- The Washington Times - Tuesday, March 23, 2004

The U.S. Treasury yesterday published the annual reports from the Trustees of Social Security and Medicare, which examine the short- and long-term health of America’s most treasured domestic programs.

Buried in this year’s 250-page tome is some of the most vital information the federal government has to offer. It tells how much money your kids and grandkids will have to pay for you to get your Social Security and Medicare benefits.

Despite pages and pages of complex tables and charts, the moral of this story is simple: Social Security and Medicare are promising far more benefits than they can afford.

A lot has changed since last year’s report. Newer trends of economic growth, employment and higher productivity have marginally affected Social Security’s projections — but not much. Social Security is still expected to run small surpluses until 2018, when it begins racking up growing annual debts. According to the new report, the government needs to have $10 trillion in the bank today earning interest to cover the shortfall. Needless to say, it doesn’t.

If that was the whole problem, it would be bad enough. Unfortunately, it is only the tip of the iceberg, because the adoption of the new Medicare prescription drug bill last year dramatically changed the forecast for Medicare.

Last year’s annual report projected Social Security and Medicare would, together, run small surpluses and actually add money to the general budget until 2008. The addition of the prescription drug bill has changed these projections so radically that Social Security and Medicare will now instead drain about $60 billion from the general budget this year alone.

In other words, this year’s Medicare deficit is so large Medicare will spend all it collects in payroll taxes, drain all of Social Security’s surplus for next year and require $60 billion from the general fund to pay all its bills. And that’s just the first year. In all, the government needs more than $60 trillion in the bank earning interest today to pay for all of Medicare’s shortfall — up from about $38 trillion last year.

This huge unfunded liability has real effects on real people; after all, we’ll somehow have to close that $70 trillion debt between what Social Security and Medicare promise and what the two programs can afford.

Let’s say, for example, we choose not to reduce benefits and we don’t want to double taxes on future workers. We will have to take the money out of other government programs. Last year’s reports noted Social Security and Medicare shortfalls would claim nearly half of all federal income tax revenues by 2050, meaning the government would have to cut all other federal programs in half to free enough money to pay full benefits to Social Security and Medicare beneficiaries.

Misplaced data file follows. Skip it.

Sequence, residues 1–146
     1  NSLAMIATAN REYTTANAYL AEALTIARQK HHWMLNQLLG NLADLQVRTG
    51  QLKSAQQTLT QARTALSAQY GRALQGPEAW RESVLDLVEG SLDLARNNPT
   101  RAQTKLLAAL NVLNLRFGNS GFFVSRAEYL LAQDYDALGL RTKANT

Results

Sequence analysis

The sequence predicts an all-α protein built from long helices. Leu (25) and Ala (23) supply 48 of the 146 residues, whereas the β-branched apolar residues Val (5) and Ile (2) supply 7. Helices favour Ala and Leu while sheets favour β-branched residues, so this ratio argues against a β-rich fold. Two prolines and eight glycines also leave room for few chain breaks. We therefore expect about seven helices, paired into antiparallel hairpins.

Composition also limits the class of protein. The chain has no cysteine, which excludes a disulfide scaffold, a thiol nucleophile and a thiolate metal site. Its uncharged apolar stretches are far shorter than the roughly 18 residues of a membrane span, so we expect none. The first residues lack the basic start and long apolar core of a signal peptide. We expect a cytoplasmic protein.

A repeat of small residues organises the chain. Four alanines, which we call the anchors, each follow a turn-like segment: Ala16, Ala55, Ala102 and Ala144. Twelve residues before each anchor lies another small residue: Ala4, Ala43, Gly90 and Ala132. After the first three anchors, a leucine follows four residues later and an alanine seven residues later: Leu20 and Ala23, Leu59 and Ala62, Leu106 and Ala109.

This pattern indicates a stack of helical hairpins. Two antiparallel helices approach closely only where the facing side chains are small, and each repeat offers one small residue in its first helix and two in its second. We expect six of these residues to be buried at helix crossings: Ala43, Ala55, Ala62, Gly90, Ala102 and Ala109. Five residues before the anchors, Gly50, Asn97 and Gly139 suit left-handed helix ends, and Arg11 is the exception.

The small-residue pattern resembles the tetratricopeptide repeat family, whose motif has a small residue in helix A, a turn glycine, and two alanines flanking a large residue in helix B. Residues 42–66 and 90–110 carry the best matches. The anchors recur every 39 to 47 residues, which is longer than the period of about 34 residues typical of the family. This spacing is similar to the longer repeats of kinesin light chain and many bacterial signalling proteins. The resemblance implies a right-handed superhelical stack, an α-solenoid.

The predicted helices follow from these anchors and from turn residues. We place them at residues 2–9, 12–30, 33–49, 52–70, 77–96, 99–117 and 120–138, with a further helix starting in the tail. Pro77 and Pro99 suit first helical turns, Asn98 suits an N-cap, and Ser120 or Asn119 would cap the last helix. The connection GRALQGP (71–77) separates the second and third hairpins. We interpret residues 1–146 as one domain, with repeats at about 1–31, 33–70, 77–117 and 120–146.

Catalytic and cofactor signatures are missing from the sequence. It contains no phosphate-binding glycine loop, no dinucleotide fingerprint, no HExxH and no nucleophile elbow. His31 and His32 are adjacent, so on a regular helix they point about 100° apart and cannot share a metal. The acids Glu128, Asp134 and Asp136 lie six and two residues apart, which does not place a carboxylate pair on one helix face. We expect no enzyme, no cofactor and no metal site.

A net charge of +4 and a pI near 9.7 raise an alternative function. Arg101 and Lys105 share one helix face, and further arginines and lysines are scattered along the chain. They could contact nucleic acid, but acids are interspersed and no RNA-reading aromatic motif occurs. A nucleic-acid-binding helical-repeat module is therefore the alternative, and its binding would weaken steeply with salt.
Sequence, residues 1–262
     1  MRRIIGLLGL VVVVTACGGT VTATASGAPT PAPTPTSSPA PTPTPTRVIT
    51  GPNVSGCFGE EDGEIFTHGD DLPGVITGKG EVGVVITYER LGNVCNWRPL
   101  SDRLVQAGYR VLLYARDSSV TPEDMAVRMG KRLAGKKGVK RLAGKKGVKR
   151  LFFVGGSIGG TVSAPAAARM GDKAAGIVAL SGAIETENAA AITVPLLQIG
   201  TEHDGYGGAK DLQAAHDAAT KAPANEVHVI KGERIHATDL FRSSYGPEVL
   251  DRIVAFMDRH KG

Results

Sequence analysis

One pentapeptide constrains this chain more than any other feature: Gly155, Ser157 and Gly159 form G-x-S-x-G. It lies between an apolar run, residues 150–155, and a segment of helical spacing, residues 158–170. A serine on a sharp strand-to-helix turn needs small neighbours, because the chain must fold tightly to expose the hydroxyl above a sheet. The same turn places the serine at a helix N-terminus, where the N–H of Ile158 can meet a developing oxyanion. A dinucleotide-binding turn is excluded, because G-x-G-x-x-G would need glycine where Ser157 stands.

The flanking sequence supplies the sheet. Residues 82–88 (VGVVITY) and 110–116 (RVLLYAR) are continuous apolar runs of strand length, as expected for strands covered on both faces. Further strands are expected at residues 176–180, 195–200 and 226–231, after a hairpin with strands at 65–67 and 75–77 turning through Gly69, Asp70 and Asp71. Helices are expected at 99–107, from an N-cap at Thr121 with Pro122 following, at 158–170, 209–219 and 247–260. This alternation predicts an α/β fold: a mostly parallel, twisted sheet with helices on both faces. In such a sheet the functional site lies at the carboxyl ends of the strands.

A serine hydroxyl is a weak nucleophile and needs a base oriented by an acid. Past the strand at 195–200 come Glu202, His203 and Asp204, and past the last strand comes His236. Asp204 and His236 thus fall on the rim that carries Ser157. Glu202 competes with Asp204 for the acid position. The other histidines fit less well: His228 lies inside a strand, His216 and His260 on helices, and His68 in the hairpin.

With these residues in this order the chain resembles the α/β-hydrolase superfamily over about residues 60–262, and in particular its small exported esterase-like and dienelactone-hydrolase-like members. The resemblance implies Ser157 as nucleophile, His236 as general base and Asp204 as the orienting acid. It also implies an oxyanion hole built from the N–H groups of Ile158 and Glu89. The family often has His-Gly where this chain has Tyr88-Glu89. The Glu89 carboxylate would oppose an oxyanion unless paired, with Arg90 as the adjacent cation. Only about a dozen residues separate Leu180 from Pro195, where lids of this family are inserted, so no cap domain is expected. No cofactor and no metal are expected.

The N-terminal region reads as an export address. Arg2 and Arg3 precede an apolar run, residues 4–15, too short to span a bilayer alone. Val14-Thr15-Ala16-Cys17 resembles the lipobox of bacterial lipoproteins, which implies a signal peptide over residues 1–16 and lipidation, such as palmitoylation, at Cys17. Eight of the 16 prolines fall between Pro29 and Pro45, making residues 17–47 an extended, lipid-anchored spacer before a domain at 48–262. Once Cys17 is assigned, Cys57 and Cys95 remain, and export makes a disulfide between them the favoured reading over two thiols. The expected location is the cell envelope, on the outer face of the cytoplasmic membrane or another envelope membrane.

But this year’s reports show the two programs will require nearly three-fourths of all income tax revenue by mid-century, and will reach the halfway mark by 2030.

We knew long before the Medicare prescription drug law was implemented that Social Security and Medicare faced touch times ahead. America is aging. When Social Security began, there were 42 workers paying into Social Security for each retiree collecting benefits. By the time Medicare was put into effect in the 1960s, the ratio had fallen to 16-to-1. Today, the ratio is 3-to-1. Between now and midcentury, after retirement of the 77 million Baby Boomers, the ratio will decline to 2-to-1.

This is important because Social Security and Medicare aren’t savings programs. Instead, they pay benefits to today’s retirees using contributions collected from today’s workers. When we current workers retire, our benefits will be paid by our kids and grandkids, and so on.

That’s why so many economists suggest reforming Social Security to include personal retirement accounts. Social Security’s burden on future taxpayers would be dramatically reduced because each worker would save part of his or her own Social Security benefits.

While there are short-term costs to such a proposal, the cost of doing nothing is much higher. Further, benefits of reform for the long-term health of the program cannot be understated. Not only will our children be able to live knowing their retirement is secure, but Social Security will no longer be a vacuum sucking resources from other important priorities, such as roads, schools and our nation’s defense. Plus, personal accounts will stimulate economic growth and free up resources needed to fix Medicare — a problem that has only gotten worse.

Matt Moore is senior policy analyst for the National Center for Policy Analysis.

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